Solving workforce retention and burnout Issues in Long-Term Care
Empowering families with self-serve resources to reduce low-value staff interactions
Stress and burnout among long-term care staff
Although many long-term care workers are highly committed to their work and derive satisfaction from it, research has extensively documented the many difficulties of the job. Repetitive administrative tasks and time-consuming, but non-care-related family requests take time away from rewarding patient care activities and increase work stress. That leads to significant turnover, low morale and decreased quality of care.
Annual CNA turnover has reached as high as 97%, RN churn has hit 52.5%, and overall staff churn has reached 69%.
In surveys, many nursing assistants say that they routinely do not have enough time to complete their basic tasks. This sense of time pressure takes the enjoyment out of their work. Nursing assistants report that when time is short, they are not able to do more personal, satisfying tasks, such walking with residents, talking to them, helping with grooming, and so forth. As caregiving work is reduced to the most difficult and least gratifying tasks, and staff feel that they do not have time to complete even these tasks, job stress and burnout increase.
In 2019, a survey discovered that 30 percent of long-term care nurses exhibited signs of burnout. 50% said that in their previous shift, they had not been able to carve out time for a comforting talk with a patient; nearly one third had been unable to adequately monitor patients.
COVID-19 has exacerbated this problem, with increased family concern for resident well-being. Family members contact facilities with requests for resident information, care questions – and more recently, visit scheduling. Each of these interactions, while individually short and simple, take time away from patient care and add to staff stress.
Empowering families to reduce low-level staff interactions
Providing families with secure on-demand access to patient care information, simplifying outbound communication and automating visit scheduling can dramatically reduce the need for time-consuming interactions with family members. These common family requests represent a significant impact on staff workload. How’s Mom by Safekeeping puts these capabilities in the hands of family members and saves significant staff time. Here’s how:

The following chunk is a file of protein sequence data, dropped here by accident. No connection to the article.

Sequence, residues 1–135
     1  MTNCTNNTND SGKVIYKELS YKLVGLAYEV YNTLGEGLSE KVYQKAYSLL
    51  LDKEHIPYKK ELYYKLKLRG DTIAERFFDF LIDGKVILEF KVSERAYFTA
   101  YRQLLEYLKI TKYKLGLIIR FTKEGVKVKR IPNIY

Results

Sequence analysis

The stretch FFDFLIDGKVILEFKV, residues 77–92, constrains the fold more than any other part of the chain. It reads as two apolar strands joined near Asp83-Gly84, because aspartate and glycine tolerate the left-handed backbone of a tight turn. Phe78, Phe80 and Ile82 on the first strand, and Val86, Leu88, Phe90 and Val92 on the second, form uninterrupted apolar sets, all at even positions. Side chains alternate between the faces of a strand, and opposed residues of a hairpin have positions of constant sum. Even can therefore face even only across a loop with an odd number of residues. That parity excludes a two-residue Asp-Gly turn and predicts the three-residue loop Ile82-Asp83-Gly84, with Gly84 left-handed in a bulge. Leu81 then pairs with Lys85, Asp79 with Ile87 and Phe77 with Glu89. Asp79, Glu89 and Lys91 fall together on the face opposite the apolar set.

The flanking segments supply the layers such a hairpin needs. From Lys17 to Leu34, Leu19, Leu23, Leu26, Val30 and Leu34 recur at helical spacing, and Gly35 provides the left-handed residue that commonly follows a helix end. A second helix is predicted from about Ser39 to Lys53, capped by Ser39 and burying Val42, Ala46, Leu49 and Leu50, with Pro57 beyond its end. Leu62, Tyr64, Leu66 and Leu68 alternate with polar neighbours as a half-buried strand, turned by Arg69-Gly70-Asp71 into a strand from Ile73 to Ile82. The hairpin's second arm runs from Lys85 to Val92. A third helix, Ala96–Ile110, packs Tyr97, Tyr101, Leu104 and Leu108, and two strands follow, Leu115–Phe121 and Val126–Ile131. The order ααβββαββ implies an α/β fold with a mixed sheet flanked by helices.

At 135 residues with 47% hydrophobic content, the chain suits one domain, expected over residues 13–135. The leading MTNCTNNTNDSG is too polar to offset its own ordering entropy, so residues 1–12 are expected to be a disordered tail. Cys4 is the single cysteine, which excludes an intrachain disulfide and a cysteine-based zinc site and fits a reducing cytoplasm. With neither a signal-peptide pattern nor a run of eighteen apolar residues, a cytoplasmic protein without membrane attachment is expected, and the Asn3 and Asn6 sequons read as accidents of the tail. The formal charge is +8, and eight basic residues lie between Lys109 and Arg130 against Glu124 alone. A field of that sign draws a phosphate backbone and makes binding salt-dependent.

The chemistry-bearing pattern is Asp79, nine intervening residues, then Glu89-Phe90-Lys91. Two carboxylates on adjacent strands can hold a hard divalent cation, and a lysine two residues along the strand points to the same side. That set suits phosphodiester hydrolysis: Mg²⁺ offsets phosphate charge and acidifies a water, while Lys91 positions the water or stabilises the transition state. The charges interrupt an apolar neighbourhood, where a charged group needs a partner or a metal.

On-Demand Patient Data Access
How’s Mom’s Chart View provides resident health information to authorized family members, including medication lists, vitals, conditions and nutrition orders. Access to each of these data sets can be customized by your facilities.
Through the How’s Mom app, email or text, facility staff can automatically deliver COVID-19 updates, policy changes or other facility updates. This Mass Notification feature allows facilities to send information to family members via their preferred vehicle, with little staff time required.
Automated Visit Planning
As facilities begin to re-open from COVID-19 restrictions with controlled family visits, our Visit Planner allows families to self-schedule visits, without staff intervention. Residents and staff stay safe, while families reconnect in person with their loved ones.
Reduce your staff’s stress level and empower family members
Non-care related work keeps staff from critical patient interactions and adds to their work stress. At the same time, families want to keep track of and connect with their loved ones. With How’s Mom, facilities have the ability to meet family needs and reduce staff burnout.
Schedule a demo today to learn how How’s Mom can help your facilities.
Data: Skilled Nursing News, 3/17/21, Washington Post, 13/3/20